Blair then declares that the US government didn't feel a second resolution was necessary but Bush's "view was that it wasn't necessary but he was prepared to work for one." In January 2003? No. Blair's lying. The US administration's position was that 1441 gave them the legal right to start a war. That was their position while 1441 was being negotiated in the fall of 2002 and when it was passed November 8th. The legal rationale the Bush administration was a joke but to argue it, they could not have a second resolution. They knew they didn't have the votes on the Security Council (both from feedback and, as has been reported, from wiretaps) and going back for a second resolution and being shot down destroys their legal argument that 1441 allows them to declare war. Blair's lying.
A key exchange, and one that the Inquiry will most likely build on when writing their report, took place between Lyne and Blair. Before that, let's not Lyne's summary of events.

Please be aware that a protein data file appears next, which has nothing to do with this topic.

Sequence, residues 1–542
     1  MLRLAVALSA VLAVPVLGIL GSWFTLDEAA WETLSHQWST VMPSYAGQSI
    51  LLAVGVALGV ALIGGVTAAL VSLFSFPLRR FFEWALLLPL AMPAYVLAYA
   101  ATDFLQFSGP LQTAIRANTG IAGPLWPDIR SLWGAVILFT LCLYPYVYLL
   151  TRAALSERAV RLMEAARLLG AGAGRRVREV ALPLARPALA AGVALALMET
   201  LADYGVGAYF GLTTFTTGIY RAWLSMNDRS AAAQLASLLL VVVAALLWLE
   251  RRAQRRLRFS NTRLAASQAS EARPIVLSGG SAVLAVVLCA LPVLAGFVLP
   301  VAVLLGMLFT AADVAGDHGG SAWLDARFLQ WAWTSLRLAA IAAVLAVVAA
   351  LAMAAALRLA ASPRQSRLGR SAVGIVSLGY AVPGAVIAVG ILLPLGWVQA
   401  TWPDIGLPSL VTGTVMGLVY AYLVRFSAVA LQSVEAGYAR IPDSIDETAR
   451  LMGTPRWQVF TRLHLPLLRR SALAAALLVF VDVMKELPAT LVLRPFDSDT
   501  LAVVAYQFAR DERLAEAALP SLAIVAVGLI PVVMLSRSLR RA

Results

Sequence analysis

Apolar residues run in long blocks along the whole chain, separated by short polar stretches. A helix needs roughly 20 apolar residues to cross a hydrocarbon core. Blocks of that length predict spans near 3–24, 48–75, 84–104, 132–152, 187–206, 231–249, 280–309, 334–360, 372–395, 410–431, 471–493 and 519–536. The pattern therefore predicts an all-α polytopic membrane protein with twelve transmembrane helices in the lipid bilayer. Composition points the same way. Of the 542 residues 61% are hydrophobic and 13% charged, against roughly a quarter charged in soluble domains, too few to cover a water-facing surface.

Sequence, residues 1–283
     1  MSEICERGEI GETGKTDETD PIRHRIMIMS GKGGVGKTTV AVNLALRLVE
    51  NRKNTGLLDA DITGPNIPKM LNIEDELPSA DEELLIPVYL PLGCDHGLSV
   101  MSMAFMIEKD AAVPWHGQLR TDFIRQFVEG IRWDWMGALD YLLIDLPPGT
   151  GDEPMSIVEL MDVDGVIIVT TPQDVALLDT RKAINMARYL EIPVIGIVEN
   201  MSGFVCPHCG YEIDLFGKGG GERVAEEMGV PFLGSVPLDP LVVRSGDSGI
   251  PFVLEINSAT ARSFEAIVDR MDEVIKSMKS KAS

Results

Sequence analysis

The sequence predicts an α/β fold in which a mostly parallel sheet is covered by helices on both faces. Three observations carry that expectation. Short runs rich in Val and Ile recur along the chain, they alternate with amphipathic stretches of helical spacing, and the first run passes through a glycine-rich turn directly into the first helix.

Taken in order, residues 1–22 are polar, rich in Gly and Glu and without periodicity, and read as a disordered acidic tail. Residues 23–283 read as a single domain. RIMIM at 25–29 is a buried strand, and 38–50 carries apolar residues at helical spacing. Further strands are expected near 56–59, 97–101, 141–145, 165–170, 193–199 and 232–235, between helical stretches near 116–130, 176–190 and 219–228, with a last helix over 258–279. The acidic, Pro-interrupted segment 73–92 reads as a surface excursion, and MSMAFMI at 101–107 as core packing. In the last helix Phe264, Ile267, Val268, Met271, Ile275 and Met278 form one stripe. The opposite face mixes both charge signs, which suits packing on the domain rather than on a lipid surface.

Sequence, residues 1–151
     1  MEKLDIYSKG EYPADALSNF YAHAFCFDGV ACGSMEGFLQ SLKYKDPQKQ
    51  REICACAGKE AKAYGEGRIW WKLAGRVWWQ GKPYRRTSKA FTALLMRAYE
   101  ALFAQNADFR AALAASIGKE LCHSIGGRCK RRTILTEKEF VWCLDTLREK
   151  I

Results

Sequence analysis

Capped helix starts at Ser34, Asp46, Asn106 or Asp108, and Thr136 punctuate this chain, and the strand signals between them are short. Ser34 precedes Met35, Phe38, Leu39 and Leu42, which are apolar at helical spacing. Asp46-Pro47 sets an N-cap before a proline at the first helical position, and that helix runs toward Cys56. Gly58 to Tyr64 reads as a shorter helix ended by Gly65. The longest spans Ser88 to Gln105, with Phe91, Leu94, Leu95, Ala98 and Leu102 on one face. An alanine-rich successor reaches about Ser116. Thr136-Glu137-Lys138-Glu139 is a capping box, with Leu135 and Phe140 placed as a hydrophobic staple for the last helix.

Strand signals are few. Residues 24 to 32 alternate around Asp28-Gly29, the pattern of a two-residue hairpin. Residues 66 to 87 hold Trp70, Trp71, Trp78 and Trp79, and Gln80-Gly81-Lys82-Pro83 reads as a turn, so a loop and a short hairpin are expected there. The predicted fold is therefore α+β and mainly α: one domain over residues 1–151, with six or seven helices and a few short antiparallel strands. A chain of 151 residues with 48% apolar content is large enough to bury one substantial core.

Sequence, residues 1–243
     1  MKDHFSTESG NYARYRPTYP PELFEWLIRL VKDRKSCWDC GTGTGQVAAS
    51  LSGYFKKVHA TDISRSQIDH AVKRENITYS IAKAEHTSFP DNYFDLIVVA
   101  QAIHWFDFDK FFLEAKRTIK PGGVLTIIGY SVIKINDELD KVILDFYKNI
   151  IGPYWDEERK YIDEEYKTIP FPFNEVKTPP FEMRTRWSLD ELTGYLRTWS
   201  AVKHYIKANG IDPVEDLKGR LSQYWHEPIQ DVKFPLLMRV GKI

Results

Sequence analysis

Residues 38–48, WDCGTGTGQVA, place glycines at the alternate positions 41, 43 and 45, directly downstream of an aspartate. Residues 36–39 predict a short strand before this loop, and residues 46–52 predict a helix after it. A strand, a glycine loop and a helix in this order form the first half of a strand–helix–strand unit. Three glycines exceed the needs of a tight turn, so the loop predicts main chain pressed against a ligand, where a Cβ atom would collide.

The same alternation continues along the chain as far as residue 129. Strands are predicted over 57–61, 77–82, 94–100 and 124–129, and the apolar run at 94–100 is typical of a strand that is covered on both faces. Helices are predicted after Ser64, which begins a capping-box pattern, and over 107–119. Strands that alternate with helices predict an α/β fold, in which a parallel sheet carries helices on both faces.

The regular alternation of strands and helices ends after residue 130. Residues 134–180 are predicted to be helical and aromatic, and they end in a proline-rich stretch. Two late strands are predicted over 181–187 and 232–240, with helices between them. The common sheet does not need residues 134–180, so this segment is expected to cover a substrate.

Committee Member Roderic Lyne: Firstly, there wasn't a legal basis, as Lord Goldsmith repeated to us the day before yesterday, for regime change as an objective in itself. Secondly, lawers in the US administration favoured what was called the revival argument and that meant that the authorisation for the use of force during the first Gulf War, embodied in Resolution 687, was capable of being revived as it had been revived in 1993 and in 1998. However, the UK's lawyers did not consider that this argument was applicable without a fresh determination by the Security Council, and they felt that, not only because of the passage of time since resolutions 678 and 687, but also because, in 1993 and 11998, the Security Council had formed the view that there had been a sufficiently serious violation of the ceasefire conditions and also because the force that had been used then had been limited to ensuring Iraqi compliance with the ceasefire conditions. Even in 1998, the revival argument had been controversial and not very widely supported. So the British argument was that you needed a fresh determination of the Security Council. [. . .] So the UK and the USA went to the United Nations and obtained Security Council Resolution 1441, passed unanimously. However, in the words of Lord Goldsmith, that resolution wasn't crystal clear, and I think you, yourself, this morning referred to the fact that there were arguments. It didn't resolve the argument, I think was the way you put it. The ambiguous wording of that resolution immediately gave rise to different positions by different Security Council members on whether or not it of itself had provided authorisation without a further determination by the Security Council for the use of force. So up until early February of 2003, the Attorney General, again, as Lord Goldsmith told us in his evidence, was telling you that he remained of the view that Resolution 1441 did not authorise the use of force without a further determination by the Security Council that it was his position that a Council discussion -- the word "discussion" was used in the resolution -- would not be sufficient and that a further decision by the Council was required. [Blair agrees with the summary.] On 7 March, Lord Goldsmith submitted his formal advice to you, a document which is now in the public domain. In that he continued to argue that: "The safest legal course", would be a further resolution. But in contrast to his previous position and for reasons which he explained to us in his evidence, he now argued that, "a reasonable case" could be made, "that Resolution 1441 is capable in principle of reviving the authorisation in 678 without a further resolution." But at the same time he coupled this with a warning that, "a reasonable case does not mean that if the matter ever came before a court, I would be confident that the court would agree with this view." So at that point, Lord Goldsmith had, to a degree, parted company with the legal advisers in the Foreign and Commonwealth Office, who have also given evidence to us through Sir Michael Wood and Ms Elizabeth Wilmshurst. They were continuing to argue that the invasion could only be lawful if the Security Council determined that a further material breach had been committed by Iraq. I emphasize the word "further", of course, because 1441 established that Iraq was already in breach, but then the argument was about the so-called firebreak and whether you had to have a determination of a further material breach. Lord Goldsmith told us that, when it became clear that we were not likely to get a second resolution, a further resolution, he was asked to give what he described as a "yes or no decision", especially because clarity was required by the armed forces, CDS had put this to him, and by other public servants. He had received also an intervention from a senior Treasury lawyer. So having given you that advice on 7 March, by 13 March, he had crucially decided -- and this is from a minute recording, a discussion between himself and his senior adviser, David Brummell, who has also given evidence to us and which is also on the public record -- he had decided that: "On balance, the better view was that the conditions for the operation of the revival argument were met in this case; ie, that there was a lawful basis for the use of force without a further resolution going beyond Resolution 1441." Now, there is one further stage in the process and then I will get to the end. This view now taken by the Attorney General still required a determination that Iraq was "in further material breach of its obligations." The legal advisers in the FCO considered that only the UN Security Council could make that determination, but the Attorney took the view that individual member states could make this determination and he asked you to provide your assurance that you had so concluded; ie, you had concluded that Iraq was in further material breach, and on 15 March, which is, what, five days before the action began, you officially gave the unequivocal view that Iraq is in further material breach of its obligations. So it was on that basis that the Attorney was able to give the green light for military action to you, to the armed forces, to the Civil Service, to the Cabinet and to Parliament. But i tremained the case, as Sir Michael Wood made clear in his evidence, that while the Attorney General's constitutional authority was, of course accepted by the government's Civil Service advisers on international law, headed by Sir Michael Wood -- although Ms Wilmshurst herself decided to resign at this point from government service -- they accepted his authority but they did not endorse the position in law which he had taken, and it remains to this day Sir Michael's position -- he said this in his witness statement -- that: "The use of force against Iraq is March 2003 was contrary to international law."